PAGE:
In a previous report on the association between interictal cerebral glucose metabolism and EEG changes in patients with partial seizures, Engel et al 15 found no quantitative relation between the degree of focal hypometabolism and the frequency of interictal EEG spikes, but their results regarding non-epileptiform electrophysiological abnormalities were less clear. In the present study, we investigated the phenomenon of IRSA and its relation with cerebral metabolism in patients with temporal lobe epilepsy who underwent FDG PET during concurrent scalp EEG monitoring. As our aim was to study a pure culture of IRSA it was imperative to eliminate any significant deafferentiation effects; therefore patients with intracranial mass lesions were excluded.

Patients and methods

Patients were consecutively selected from a large series of surgical candidates with medically intractable partial seizures, referred for brain FDG PET in St Thomas’ Clinical PET Centre. Inclusion criteria were (a) a single temporal epileptogenic focus demonstrated by EEG recordings, and (b) no evidence of intra-axial foreign tissue lesion on brain MRI. No patient had any neurological condition other than epilepsy, nor any acute or chronic medical illness at the time of the PET study.


Continuous scalp EEG monitoring, starting about 5 minutes before the tracer injection and lasting for 35–40 minutes, is routinely practised in St Thomas’ Clinical PET Centre to confirm the interictal state of the patient or assist in scan interpretation when a seizure occurs. Thus, eye opening and closing manoeuvres, and activation methods such as intermittent photic stimulation and hyperventilation are not often used. Electrodes are placed according to the international 10–20 system and patients are continuously observed for ictal clinical manifestations. Patients with traces containing too much artifact were excluded from the study. Preadolescent patients were also excluded as asymmetric temporal slow activity mainly over the posterior areas is often seen as a physiological variant. The seizure type and recency and the number of seizures reported within the past 24 hours were noted to exclude patients with postictal recordings. Because the exact duration of postictal slowing has not been investigated, we reviewed the postictal EEG tracings in 12 habitual seizures (six complex partial seizures (CPS) and six secondary generalised tonic-clonic seizures (GTCS)), recorded in eight of our patients who underwent prolonged preoperative video telemetry. EEG was transcribed on to paper, continuously for the first hour after the seizure, and intermittently thereafter in spike free sections of 20–30 seconds about every 5 minutes, and tracings were visually assessed for any persistent focal slowing. Continuous slow activity was visually identifiable up to 23 minutes at the most after a CPS, and up to 2 hours after a secondary GTCS. These time limits are well outlasted by those set by Panet-Raymont and Gotman who considered the EEG postictal when recorded within one hour of a CPS and eight hours of a GTCS7; therefore analysis of additional postictal EEG tracings was not deemed necessary for the purpose of this study. Twenty eight patients (20 men and eight women) with seizure recency at the time of PET ranging from 8 hours to 3 weeks (median 5 days) with less than 12 hours in only three patients with CPS, had clearly interictal recordings and fulfilled all inclusion criteria. PET-EEGs were visually identified by two independent electroencephalographers who were blind to PET results and patient identity. None of these recordings contained any electrographic seizure. Epileptiform abnormalities and focal or regional slowing showing a 4:1 (75%) or greater ratio of predominance (in terms of spike frequency and time of appearance respectively) on one side were considered lateralised. Findings were compared with those of the previous scalp EEGs for each patient to evaluate consistency. Seizure recency in the previous recordings ranged from 6 hours to 3 weeks (median 3 days) with three missing values.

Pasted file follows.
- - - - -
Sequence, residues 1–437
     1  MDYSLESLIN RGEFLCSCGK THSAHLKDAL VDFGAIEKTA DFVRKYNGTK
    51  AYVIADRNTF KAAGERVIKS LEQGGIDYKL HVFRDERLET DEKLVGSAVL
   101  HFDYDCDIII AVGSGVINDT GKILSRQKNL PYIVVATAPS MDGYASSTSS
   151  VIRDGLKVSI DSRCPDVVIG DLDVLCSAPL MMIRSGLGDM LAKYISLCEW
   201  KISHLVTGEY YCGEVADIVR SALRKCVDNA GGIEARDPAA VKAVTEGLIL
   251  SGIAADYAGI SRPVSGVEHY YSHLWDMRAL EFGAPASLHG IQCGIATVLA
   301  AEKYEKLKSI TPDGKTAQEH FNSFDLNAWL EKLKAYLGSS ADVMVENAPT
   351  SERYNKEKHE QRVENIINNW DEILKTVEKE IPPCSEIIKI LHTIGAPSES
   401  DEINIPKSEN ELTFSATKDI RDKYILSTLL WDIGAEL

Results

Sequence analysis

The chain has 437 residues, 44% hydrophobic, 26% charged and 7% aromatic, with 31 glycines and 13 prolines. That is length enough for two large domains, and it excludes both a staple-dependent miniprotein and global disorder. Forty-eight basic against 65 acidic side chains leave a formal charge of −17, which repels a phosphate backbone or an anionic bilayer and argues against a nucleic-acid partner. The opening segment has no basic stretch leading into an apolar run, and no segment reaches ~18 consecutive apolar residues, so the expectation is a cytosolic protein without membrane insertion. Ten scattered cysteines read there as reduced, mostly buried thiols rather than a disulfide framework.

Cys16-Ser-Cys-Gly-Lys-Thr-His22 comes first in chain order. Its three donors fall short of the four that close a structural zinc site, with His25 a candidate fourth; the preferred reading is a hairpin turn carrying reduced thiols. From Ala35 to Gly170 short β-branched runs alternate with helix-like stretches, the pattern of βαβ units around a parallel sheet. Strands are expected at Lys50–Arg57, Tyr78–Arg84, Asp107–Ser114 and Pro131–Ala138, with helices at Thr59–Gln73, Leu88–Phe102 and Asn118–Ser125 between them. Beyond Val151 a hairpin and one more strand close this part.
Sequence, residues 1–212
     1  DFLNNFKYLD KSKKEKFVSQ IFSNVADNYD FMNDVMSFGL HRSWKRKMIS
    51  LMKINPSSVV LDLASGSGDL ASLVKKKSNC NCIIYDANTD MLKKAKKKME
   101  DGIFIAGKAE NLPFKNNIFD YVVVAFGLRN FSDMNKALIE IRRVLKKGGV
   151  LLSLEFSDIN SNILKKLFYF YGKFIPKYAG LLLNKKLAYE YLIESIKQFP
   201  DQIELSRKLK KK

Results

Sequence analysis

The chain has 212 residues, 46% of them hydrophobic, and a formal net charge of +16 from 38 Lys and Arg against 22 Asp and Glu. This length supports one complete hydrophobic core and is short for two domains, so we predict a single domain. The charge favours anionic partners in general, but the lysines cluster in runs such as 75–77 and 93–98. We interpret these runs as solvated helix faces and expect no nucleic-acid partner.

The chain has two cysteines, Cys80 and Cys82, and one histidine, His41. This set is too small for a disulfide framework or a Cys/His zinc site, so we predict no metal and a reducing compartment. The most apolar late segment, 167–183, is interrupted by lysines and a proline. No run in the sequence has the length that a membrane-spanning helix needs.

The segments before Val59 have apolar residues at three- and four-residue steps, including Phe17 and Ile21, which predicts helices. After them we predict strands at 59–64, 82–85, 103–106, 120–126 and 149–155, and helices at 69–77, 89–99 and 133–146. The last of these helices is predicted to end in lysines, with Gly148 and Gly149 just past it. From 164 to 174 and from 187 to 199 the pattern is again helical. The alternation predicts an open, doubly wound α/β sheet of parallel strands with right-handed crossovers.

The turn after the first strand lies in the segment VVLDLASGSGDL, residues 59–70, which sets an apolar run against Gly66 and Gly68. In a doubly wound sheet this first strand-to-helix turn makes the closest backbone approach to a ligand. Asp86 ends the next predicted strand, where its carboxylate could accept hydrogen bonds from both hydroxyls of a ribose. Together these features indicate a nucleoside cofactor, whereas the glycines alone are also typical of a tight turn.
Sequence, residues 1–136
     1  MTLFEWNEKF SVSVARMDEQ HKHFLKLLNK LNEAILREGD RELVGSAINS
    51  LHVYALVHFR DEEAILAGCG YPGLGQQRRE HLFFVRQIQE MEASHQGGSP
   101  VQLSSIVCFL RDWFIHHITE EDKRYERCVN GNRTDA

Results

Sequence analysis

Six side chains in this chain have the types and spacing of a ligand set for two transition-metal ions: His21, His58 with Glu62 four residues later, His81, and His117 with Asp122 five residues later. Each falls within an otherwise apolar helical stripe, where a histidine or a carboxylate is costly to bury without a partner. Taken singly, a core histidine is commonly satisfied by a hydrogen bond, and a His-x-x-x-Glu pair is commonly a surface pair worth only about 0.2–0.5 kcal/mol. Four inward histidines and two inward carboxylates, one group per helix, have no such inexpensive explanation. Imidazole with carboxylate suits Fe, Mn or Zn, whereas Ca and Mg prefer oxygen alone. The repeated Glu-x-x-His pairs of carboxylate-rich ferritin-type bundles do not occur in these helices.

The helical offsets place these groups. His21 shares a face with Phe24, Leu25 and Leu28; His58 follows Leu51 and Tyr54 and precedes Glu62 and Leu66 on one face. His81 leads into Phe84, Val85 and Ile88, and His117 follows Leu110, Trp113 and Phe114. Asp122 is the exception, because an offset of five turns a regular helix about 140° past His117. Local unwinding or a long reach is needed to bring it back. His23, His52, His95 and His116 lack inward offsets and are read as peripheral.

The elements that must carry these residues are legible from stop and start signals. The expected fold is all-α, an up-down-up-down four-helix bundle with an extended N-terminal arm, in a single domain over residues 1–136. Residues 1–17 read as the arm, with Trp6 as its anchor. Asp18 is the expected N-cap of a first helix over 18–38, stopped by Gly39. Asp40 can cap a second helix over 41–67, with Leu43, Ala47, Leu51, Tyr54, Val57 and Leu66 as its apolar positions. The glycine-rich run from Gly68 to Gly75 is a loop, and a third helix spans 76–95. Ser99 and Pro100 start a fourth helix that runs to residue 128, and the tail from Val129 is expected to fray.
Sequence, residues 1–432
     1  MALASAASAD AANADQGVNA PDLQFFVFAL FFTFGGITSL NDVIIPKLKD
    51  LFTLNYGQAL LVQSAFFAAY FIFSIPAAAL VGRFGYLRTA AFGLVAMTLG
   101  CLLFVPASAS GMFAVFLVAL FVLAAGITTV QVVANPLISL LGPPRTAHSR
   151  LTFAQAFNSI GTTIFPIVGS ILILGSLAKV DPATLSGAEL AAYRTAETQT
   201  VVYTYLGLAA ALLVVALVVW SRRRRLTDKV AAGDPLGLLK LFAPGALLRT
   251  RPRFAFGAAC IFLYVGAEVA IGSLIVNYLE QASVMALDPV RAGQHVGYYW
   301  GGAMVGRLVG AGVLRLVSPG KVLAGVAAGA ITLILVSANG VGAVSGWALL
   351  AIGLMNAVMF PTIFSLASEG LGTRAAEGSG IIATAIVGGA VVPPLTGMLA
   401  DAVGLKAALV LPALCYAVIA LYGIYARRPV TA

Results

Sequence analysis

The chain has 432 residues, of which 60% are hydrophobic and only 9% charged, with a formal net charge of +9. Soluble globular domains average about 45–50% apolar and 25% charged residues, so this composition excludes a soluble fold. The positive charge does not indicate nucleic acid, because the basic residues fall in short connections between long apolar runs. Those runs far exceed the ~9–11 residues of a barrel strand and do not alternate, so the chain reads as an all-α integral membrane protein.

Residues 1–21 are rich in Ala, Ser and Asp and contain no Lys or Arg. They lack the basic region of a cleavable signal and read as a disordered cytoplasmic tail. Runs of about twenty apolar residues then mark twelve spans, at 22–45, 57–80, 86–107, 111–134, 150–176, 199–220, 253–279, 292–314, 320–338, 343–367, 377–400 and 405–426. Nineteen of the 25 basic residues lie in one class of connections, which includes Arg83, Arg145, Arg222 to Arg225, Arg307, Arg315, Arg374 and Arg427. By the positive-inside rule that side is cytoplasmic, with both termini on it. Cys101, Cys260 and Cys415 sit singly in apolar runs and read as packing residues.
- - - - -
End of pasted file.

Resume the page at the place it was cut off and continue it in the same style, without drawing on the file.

All patients had standard and sleep activated interictal scalp EEG studies. Twenty three patients had in addition ictal recordings obtained with video telemetry, of whom there were 17 with foramen ovale, two with subdural strip, one with subdural mat and strip, and three with scalp electrodes. All intracranial recordings were performed after the PET studies. In the remaining five patients, ictal studies were not considered necessary as typical anterior temporal spike discharges were strongly lateralised and concordant with the other investigations.